Not only are patients being spared the morbidity, mortality, and inconvenience due to such potentially preventable medication errors but healthcare systems are beginning to note a positive impact as well. While there is an upfront investment of time in the medication reconciliation process, successful programs have noted a significant reduction in rework and a net savings in time spent by nurses, surgeons and other physicians, and pharmacists. Well-designed forms, whether paper-based or electronic, seem to be particularly well-received by physicians because they save time and improve accuracy.
There is often an economic impact as well: hospitals, patients, and third party payors avoid the costs of medications that are no longer necessary. For example, one of the more frequent problems we see is that of patients being started on prophylactic proton pump inhibitors during a hospital stay and then being inadvertently continued on these long after the need has resolved. A good medication reconciliation process identifies this issue and corrects it in a timely fashion.
Some excellent tools for medication reconciliation programs are readily available. These include:
One of the most useful tools we have come across is the Getting Started Kit from the Canadian “Safer Healthcare Now! Campaign”. This toolkit was updated in 2007 after many participating Canadian hospitals had extensive experience with it. Not only does the toolkit have a wealth of sample forms for use at each transition of care, but it also has outstanding recommendations for implementation, auditing, and measurement, plus tips for improving the accuracy of information about medications the patient was taking prior to admission. It also has a great reference section, including links to sites of many other organizations having tools, forms, and educational presentations.
The key to the entire reconciliation process is getting the most accurate possible list of medications at admission. Getting a complete and accurate list of medications that a patient is taking is very difficult in our fragmented health care system. The primary care physician usually has the most comprehensive list, but even then, the PCP may not be aware of all medications prescribed, altered or discontinued by specialists.
Third party payors or pharmacy benefit managers (PBM’s) often actually have the most up-to-date data on which prescriptions are actually being filled by the patient. Because of formulary issues and adjudication issues, most pharmacy claims come in to managed care organizations very promptly. Thus, the managed care organizations have a virtual real-time snapshot of the medication profile. Several collaborative community projects are attempting to share such information through their regional health information organizations (RHIO’s). Even if your community has not developed such a RHIO, your organization should be insisting in its contracts with managed care organizations that they provide electronic access to those real-time databases to facilitate the medication reconciliation process. After all, helping to ensure accurate reconciliation benefits the managed care organizations in the long run. But even then, over-the-counter medications and free samples usually are not listed in such databases and the databases often do not contain (at least promptly) claims related to medications administered in physician offices, such as biological drugs.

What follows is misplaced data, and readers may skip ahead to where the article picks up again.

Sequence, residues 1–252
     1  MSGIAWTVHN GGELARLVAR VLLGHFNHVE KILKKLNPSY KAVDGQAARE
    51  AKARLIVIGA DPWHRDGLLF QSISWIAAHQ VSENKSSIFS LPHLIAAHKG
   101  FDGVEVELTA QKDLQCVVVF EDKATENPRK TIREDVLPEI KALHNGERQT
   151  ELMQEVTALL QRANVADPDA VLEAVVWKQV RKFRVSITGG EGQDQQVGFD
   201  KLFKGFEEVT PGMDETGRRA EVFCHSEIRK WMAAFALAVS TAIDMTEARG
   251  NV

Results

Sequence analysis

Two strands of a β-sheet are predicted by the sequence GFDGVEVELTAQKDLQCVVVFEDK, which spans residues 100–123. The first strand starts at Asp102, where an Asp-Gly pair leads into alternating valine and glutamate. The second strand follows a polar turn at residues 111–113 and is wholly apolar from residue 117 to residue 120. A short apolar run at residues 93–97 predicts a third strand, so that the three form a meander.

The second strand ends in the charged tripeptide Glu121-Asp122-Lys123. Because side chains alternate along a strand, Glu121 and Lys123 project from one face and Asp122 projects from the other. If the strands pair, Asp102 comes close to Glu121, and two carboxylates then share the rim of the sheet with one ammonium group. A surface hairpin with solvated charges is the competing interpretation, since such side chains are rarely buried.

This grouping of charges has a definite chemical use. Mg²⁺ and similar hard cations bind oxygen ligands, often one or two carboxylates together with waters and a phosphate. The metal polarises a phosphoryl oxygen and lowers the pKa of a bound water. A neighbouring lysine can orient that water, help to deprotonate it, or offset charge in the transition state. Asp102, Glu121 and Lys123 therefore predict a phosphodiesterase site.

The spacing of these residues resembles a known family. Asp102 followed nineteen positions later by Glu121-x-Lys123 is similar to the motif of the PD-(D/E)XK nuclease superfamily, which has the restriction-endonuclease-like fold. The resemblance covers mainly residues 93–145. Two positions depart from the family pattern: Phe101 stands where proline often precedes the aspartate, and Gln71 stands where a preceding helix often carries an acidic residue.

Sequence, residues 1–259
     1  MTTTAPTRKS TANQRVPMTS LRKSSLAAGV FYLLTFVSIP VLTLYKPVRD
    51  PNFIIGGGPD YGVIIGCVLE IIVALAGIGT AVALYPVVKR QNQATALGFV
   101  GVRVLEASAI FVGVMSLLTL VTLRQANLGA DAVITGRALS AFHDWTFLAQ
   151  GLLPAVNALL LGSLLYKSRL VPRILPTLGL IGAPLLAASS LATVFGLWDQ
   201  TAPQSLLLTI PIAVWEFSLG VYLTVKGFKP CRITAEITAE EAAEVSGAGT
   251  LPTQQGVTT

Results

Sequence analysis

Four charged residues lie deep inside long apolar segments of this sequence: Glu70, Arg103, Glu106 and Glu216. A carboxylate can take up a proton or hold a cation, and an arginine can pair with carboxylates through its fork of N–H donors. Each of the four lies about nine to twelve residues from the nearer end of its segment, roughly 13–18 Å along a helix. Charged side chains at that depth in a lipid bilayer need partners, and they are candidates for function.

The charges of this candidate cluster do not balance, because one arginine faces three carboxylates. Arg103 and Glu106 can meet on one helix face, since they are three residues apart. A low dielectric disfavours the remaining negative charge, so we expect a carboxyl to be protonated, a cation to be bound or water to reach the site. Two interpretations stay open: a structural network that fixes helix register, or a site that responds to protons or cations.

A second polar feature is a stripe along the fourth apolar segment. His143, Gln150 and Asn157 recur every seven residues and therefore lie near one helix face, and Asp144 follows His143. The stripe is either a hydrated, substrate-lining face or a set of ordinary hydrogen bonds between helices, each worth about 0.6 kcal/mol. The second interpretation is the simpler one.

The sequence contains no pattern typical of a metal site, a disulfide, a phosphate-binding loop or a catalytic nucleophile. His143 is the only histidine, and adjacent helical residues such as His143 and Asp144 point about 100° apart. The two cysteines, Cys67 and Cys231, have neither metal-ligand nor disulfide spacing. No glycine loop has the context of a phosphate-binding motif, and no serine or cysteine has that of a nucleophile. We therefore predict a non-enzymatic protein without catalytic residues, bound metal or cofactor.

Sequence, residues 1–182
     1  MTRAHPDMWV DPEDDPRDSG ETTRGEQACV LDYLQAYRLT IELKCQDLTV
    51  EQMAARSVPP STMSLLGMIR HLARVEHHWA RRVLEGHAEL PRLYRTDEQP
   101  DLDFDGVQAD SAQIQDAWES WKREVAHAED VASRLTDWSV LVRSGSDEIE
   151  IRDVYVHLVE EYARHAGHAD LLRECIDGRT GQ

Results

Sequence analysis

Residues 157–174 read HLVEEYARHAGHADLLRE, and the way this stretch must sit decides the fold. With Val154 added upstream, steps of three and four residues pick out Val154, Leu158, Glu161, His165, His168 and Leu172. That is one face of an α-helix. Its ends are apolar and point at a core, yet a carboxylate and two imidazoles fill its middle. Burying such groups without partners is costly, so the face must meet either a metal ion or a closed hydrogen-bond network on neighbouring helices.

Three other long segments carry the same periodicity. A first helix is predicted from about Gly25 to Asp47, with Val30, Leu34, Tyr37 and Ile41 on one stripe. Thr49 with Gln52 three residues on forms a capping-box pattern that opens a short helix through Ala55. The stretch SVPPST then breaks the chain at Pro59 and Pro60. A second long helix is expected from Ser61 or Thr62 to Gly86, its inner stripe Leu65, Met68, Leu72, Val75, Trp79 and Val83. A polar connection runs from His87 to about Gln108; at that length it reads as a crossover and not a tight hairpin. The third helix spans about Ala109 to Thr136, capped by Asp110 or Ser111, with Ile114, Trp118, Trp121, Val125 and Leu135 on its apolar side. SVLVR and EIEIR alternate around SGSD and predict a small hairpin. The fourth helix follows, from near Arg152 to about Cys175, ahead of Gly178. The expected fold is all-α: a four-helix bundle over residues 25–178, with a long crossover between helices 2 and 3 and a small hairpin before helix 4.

And patients themselves may not be the most reliable source of information about medications. A study in this month’s Journal of General Internal Medicine found that over 30% patients thought to have good health literacy and almost 60% of those thought to have poor health literacy could not name any of their antihypertensive medications1. Involving the family or caregiver and actually bringing in the medications from home may be very helpful in the medication reconciliation process.
The bottom line is that whatever process you develop to create your Best Possible Medication History (BPMH) should rely upon multiple data sources and require diligent cross-checking.
And a last comment is that many of the available medication reconciliation forms that are currently in use lack a field to clarify the indication for which the medication was prescribed. Knowing the indication is extremely important in avoiding look-alike/sound-alike medication errors. Many medications (eg. beta-blockers) also may have several indications and you need to know which one applies to your patient. And the dosage of the medication may vary depending upon the indication for use. Similarly, most medication forms and lists fail to include reason for discontinuation. It is important to know if a medication was discontinued because of lack of efficacy, side effect, allergy, or formulary or economic reasons.
1Persell SD, Osborn CY, Richard R, Skripkauskas S, Wolf MS. Limited Health Literacy is a Barrier to Medication Reconciliation in Ambulatory Care. Journal of General Internal Medicine 2007; 22: 1523-1526
Updates: See also May 13, 2008 Patient Safety Tip of the Week “Medication Reconciliation: Topical and Compounded Medications” and our December 30, 2008 Patient Safety Tip of the Week Print “Unintended Consequences: Is Medication Reconciliation Next?” and our September 8, 2009 Patient Safety Tip of the Week “Barriers to Medication Reconciliation”